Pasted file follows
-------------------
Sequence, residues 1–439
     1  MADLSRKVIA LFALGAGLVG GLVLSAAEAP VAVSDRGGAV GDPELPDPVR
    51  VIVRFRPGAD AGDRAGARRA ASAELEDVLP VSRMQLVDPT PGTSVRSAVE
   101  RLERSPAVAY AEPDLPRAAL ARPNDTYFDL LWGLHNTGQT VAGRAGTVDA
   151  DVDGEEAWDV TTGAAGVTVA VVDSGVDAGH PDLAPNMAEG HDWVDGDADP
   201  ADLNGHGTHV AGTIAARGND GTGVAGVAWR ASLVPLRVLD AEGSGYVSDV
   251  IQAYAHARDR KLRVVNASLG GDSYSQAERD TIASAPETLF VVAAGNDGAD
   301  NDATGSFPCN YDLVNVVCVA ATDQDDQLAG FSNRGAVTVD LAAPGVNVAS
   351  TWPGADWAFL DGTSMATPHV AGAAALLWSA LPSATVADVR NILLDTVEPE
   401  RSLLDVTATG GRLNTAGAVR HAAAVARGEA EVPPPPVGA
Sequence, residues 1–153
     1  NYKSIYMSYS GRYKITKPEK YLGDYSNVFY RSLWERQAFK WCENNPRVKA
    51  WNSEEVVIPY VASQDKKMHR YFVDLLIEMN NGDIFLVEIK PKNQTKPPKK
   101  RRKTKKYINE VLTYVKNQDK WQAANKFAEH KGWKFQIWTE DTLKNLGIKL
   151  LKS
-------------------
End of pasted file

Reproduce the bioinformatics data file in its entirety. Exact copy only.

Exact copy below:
Sequence, residues 1–439
     1  MADLSRKVIA LFALGAGLVG GLVLSAAEAP VAVSDRGGAV GDPELPDPVR
    51  VIVRFRPGAD AGDRAGARRA ASAELEDVLP VSRMQLVDPT PGTSVRSAVE
   101  RLERSPAVAY AEPDLPRAAL ARPNDTYFDL LWGLHNTGQT VAGRAGTVDA
   151  DVDGEEAWDV TTGAAGVTVA VVDSGVDAGH PDLAPNMAEG HDWVDGDADP
   201  ADLNGHGTHV AGTIAARGND GTGVAGVAWR ASLVPLRVLD AEGSGYVSDV
   251  IQAYAHARDR KLRVVNASLG GDSYSQAERD TIASAPETLF VVAAGNDGAD
   301  NDATGSFPCN YDLVNVVCVA ATDQDDQLAG FSNRGAVTVD LAAPGVNVAS
   351  TWPGADWAFL DGTSMATPHV AGAAALLWSA LPSATVADVR NILLDTVEPE
   401  RSLLDVTATG GRLNTAGAVR HAAAVARGEA EVPPPPVGA
Sequence, residues 1–153
     1  NYKSIYMSYS GRYKITKPEK YLGDYSNVFY RSLWERQAFK WCENNPRVKA
    51  WNSEEVVIPY VASQDKKMHR YFVDLLIEMN NGDIFLVEIK PKNQTKPPKK
   101  RRKTKKYINE VLTYVKNQDK WQAANKFAEH KGWKFQIWTE DTLKNLGIKL
   151  LKS